By now, everyone has read up on the Twitter IPO, it’s 73% pop, compared it against Facebook’s botched IPO, and tried to use this valuation as how much each Twitter user is worth. After today’s trading, Twitter’s stock should stabilize on a price range where it will trade until we start seeing the impact the holidays have on Twitter ad sales and how/when Twitter can turn a profit.

It’s interesting that days after receiving a patent infringement letter from IBM for 3 patents, Twitter’s stock rose so high above initial valuations on the same day that the Senate held a hearing on patent trolls. Doubtful that there was any major correlation on Thursday, but when the legislation does go to vote, we could be looking at the biggest implications for the tech industry since SOPA and PROTECT IP.

The fervor with which patent battles are fought is nothing new and equally matches the intensity of the copyright and trademark issues that kicked off the SOPA and PROTECT IP battle in 2011–2012. Protecting intellectual property and content to this extent is all about money. But when it comes down to the individual level on social media, content is not considered intellectual property and is often perceived as hold zero worth. In a more traditional paradigm such as television, you can clearly see the value of the content to advertisers through the costs of production. The viewers are what advertisers are after, but they will only be there if they watch the show, hence the desire for the show to be as good as possible. The trade off in seeing ads is that viewers will watch a show they like with the end result being a win-win for everyone involved — the audience, content creators, content providers (TV stations, cable providers, etc.), and advertisers.

The Audience as Content Creators

Social media should be looked at through this same lens. If the content isn’t there, then the audience won’t be either. The big difference is that in social media, the audience members are also the content creators — we create tweets, photographs, check–ins, etc. and they are what drive us to use the platforms themselves. The failed attempt of Facebook/Instagram to sell users’ photos for ads without their consent, further shows the quality and value of the content that’s created. This is a different spin on the value of social content to the audience also seen in Google’s new policy of using product recommendations in ads. Advertisers find additional value in targeting, but without the audience doubling as the content creators on social media, content providers like Facebook and Twitter would not have content or audiences.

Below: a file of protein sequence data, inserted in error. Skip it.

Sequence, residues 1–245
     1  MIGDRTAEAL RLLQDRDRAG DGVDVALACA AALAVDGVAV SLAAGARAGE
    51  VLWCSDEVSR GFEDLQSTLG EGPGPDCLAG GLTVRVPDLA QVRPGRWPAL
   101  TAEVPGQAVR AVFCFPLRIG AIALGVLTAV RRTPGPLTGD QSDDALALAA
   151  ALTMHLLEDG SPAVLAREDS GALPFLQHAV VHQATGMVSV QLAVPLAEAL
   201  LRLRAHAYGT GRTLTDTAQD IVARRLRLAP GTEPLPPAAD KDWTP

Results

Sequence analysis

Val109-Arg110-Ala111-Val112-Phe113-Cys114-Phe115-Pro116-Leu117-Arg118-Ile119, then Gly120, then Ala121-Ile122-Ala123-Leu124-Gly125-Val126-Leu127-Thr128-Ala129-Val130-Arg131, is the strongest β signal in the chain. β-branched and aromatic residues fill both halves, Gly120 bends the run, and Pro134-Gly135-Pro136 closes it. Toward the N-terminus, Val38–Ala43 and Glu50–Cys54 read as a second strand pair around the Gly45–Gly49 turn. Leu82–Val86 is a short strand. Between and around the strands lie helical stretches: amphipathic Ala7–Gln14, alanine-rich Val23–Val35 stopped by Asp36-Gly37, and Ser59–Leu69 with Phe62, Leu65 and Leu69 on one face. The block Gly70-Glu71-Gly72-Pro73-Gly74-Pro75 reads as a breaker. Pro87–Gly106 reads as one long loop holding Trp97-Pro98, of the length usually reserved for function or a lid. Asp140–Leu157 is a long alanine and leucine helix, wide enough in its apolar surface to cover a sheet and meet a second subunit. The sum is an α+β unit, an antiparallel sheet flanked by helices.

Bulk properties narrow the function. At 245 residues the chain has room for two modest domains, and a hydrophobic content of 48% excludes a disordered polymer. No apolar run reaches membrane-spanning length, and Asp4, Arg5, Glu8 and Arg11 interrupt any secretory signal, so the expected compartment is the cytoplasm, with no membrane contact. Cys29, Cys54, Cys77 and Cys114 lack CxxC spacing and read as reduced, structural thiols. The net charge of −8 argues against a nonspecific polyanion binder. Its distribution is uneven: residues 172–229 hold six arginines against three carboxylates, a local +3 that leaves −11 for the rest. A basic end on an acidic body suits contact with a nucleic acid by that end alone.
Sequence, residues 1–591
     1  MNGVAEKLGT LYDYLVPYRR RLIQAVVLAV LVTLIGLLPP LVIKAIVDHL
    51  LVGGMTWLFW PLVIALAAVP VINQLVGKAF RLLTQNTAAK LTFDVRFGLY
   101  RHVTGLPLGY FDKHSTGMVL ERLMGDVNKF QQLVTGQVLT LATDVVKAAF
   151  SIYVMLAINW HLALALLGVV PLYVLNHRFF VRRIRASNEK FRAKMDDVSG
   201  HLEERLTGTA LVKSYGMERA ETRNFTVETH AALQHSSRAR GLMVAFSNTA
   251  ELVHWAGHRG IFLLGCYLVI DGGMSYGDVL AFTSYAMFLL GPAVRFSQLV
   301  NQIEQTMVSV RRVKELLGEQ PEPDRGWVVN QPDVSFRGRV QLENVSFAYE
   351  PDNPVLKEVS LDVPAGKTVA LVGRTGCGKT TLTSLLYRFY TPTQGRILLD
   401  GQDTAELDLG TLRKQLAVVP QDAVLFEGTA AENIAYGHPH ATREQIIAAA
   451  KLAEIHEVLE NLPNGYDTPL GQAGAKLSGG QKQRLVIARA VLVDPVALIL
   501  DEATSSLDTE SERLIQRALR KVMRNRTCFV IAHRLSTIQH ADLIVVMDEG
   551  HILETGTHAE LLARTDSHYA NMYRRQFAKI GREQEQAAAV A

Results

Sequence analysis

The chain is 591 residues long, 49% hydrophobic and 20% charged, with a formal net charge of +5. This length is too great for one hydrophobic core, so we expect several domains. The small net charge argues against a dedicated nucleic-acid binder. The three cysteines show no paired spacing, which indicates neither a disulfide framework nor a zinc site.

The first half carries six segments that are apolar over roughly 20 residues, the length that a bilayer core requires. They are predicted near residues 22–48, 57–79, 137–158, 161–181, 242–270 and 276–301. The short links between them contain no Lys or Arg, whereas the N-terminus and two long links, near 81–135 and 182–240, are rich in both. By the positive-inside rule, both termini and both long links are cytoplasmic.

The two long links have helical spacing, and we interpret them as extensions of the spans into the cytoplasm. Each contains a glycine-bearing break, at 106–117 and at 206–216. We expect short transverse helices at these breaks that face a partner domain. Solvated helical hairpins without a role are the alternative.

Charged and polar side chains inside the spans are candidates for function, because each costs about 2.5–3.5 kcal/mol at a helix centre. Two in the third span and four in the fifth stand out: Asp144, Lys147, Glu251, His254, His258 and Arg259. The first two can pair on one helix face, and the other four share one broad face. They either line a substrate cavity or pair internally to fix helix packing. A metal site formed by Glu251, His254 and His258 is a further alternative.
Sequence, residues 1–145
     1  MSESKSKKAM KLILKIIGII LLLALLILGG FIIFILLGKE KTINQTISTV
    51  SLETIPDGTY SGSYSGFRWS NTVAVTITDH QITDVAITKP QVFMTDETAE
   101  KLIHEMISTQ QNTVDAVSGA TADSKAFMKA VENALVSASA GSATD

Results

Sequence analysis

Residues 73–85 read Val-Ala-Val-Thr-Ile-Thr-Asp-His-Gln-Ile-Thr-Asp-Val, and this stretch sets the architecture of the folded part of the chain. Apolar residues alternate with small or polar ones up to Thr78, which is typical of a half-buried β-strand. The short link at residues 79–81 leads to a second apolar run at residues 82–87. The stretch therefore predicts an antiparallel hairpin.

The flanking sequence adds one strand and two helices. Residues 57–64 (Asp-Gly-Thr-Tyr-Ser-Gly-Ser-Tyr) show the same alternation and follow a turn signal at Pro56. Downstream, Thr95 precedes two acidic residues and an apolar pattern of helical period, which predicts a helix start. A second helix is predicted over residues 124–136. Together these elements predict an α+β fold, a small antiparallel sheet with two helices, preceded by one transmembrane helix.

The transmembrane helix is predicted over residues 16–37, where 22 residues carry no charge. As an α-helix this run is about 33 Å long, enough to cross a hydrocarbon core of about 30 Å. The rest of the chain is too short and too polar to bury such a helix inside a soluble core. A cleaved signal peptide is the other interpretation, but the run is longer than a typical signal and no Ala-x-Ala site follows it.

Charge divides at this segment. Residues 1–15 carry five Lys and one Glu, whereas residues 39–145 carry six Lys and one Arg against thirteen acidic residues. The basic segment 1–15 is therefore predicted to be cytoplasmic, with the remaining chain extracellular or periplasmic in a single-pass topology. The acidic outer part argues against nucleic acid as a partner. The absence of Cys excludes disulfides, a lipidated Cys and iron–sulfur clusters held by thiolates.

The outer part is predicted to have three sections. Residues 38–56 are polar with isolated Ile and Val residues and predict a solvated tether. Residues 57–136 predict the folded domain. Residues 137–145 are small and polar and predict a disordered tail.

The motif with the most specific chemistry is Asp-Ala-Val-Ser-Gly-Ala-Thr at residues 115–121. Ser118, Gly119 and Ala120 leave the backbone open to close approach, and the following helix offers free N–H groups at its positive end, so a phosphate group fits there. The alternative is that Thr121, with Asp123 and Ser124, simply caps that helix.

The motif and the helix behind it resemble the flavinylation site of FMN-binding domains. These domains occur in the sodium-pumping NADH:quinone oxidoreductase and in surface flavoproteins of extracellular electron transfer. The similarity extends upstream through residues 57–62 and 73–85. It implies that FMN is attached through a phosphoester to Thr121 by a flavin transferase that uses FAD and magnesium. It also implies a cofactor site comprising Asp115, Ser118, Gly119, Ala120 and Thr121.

Through Adwords and Youtube ad partnerships, Google leads in allowing users to make money off of their intellectual property (content), and others such as stock photography company Fotolia are joining in. It will be interesting to see if Google starts finding ways to pay G+ users if their recommendation leads to a sale/conversion, but that will probably hinge on the outcome of the attempts by the New York Attorney General, Yelp, and others to cut down on fake reviews and the pay-per-review industry.

A the end of the day, investors and advertisers want to make a profit and not all of them are fully convinced that social media networks can be profitable despite their huge user–bases and information they provide. Social media companies must recognize and respect the audience as content creators and find a way to nurture this relationship. The same goes for users who need to be conscious of what they post and why — perhaps it lies in Farmville subsidies and paying people not to post things. Otherwise, as shareholders demand increased ad revenues through more frequent and larger ads that feel more invasive of privacy, and users find it harder to get to content they care about, social media networks will see audiences, content, and revenues spiraling down.